$6 billion. The personal cost of poor Config Management
Config Change costs $6 billion dollars
Facebook apologized late Monday for a massive 6 hour outage that knocked out service to the social media giant’s platforms for 3.5 billion users around the world, and said the disruption was due to a “faulty configuration change.”
“Our engineering teams have learned that configuration changes on the backbone routers that coordinate network traffic between our data centers caused issues that interrupted this communication,” Facebook said in a blog post.
And a WhatsApp employee said no internal services at company headquarters worked except for email and calendars. Even conference rooms were inaccessible during the outage, the employee said, because they’re digitally locked and unlocked through an internet-connected tablet.
The cost is tangible. Clearly there is the effort required to troubleshoot and fix the problems, and the wasted time for the staff who could work, but also there was a sell-off of Facebook shares. It sent the social-media giant’s stock plummeting 4.9% on Monday, adding to a drop of about 15% since mid-September. The stock slide on Monday sent Zuckerberg’s worth down $6 billion. He’s down to $121.6 billion from almost $140 billion in a matter of weeks, according to the Bloomberg Billionaires Index.
Including the Facebook CTO, Monday’s outage drove many social media users to Twitter. The platform responded to the influx by rolling out the digital welcome mat, saying simply, “hello literally everyone.”
But Facebook is not an isolated incident. The last major internet outage knocked many of the world’s top websites offline. The stricken content-delivery company in that case, Fastly, blamed a software bug triggered by a customer who changed a setting. Internet users were unable to access major news outlets, e-commerce platforms, and even government websites. Everyone from Amazon to the New York Times to the White House was affected, all thanks to one customer trying to change their settings.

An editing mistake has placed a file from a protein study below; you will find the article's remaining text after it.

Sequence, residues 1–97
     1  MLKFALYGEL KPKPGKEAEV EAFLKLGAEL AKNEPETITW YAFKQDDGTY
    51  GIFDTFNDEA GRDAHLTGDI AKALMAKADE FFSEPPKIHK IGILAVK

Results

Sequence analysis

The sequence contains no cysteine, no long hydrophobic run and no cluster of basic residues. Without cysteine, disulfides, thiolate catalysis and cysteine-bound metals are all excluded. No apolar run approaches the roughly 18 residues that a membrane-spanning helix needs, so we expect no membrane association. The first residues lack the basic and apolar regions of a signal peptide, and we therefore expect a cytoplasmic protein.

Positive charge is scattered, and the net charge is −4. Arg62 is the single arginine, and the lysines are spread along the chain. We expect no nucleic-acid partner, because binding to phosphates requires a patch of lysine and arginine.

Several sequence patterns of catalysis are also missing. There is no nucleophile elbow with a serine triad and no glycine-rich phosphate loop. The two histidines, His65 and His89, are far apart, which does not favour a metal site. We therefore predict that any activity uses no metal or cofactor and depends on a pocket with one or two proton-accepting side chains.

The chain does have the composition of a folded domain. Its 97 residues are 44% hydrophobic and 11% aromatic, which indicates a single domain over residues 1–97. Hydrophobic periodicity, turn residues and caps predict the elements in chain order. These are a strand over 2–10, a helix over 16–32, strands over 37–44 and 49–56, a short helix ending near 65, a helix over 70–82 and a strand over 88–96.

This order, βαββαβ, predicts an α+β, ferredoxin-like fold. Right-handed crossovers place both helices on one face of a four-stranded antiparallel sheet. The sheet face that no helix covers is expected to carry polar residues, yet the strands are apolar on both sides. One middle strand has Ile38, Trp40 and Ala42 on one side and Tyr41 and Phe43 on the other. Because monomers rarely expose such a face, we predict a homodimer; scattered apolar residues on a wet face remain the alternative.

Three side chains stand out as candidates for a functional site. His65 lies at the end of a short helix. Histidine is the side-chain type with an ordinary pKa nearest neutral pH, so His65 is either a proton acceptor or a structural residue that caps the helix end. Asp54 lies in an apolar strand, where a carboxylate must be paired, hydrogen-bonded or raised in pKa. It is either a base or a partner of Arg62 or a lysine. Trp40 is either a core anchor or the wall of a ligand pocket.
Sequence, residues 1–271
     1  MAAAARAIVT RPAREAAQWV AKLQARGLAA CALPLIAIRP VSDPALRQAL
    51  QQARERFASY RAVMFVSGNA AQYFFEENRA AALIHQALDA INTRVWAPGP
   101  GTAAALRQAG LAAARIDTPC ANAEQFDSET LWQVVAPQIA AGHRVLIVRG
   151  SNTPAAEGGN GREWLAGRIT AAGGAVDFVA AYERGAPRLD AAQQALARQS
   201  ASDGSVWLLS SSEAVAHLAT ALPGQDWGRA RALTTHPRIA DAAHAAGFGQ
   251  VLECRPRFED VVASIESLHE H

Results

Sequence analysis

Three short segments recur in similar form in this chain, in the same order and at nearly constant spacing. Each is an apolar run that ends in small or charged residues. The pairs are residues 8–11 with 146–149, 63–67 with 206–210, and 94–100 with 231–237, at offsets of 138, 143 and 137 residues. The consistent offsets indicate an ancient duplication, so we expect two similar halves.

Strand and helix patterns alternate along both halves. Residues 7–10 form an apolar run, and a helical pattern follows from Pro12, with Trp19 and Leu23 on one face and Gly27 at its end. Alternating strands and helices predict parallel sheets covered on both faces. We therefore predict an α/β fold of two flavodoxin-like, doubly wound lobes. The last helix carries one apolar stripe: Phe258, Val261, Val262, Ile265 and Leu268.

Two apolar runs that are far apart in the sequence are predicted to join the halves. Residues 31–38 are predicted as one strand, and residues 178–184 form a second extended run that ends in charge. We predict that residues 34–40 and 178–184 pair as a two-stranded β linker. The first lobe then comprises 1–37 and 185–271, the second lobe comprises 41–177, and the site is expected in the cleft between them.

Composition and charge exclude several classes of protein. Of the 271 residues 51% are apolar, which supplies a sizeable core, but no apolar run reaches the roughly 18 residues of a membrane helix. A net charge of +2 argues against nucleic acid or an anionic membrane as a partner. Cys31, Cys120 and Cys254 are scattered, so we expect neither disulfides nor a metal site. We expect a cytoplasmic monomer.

And don’t forget the Salesforce outage which took down services including the status.salesforce.com site. They determined the root cause was related to the implementation of an emergency fix that triggered a software issue and caused a DNS network incident. To resolve the issue, the team manually restored DNS service on a data center by data center basis until normal service levels were restored.
Time To Value
Config Management is more than just tracking changes or preventing outages. Taking a broader perspective, it means that every change should be taking the business forward – as quickly as possible. That is what Time To Value means. It starts with business analysis to make sure the right changes are being made. Those changes that the business needs, not the ones that they thought they wanted. It then requires org impact analysis to assess the risk of making a change from a business, technical and regulatory basis. This means that the user stories that are passed to DevOps are accurate and risk-assessed. It superpowers DevOps.
We call that a Change Intelligence Platform. Elements.cloud is #1 Change Intelligence Platform for Salesforce but also for other enterprise applications e.g. Pardot, Slack, Jira, ServiceNow or Workday.
You don’t need a $6 billion business case
And the great news is it is affordable for even the smallest Salesforce implementation. Talk to us and find out how to accelerate your future.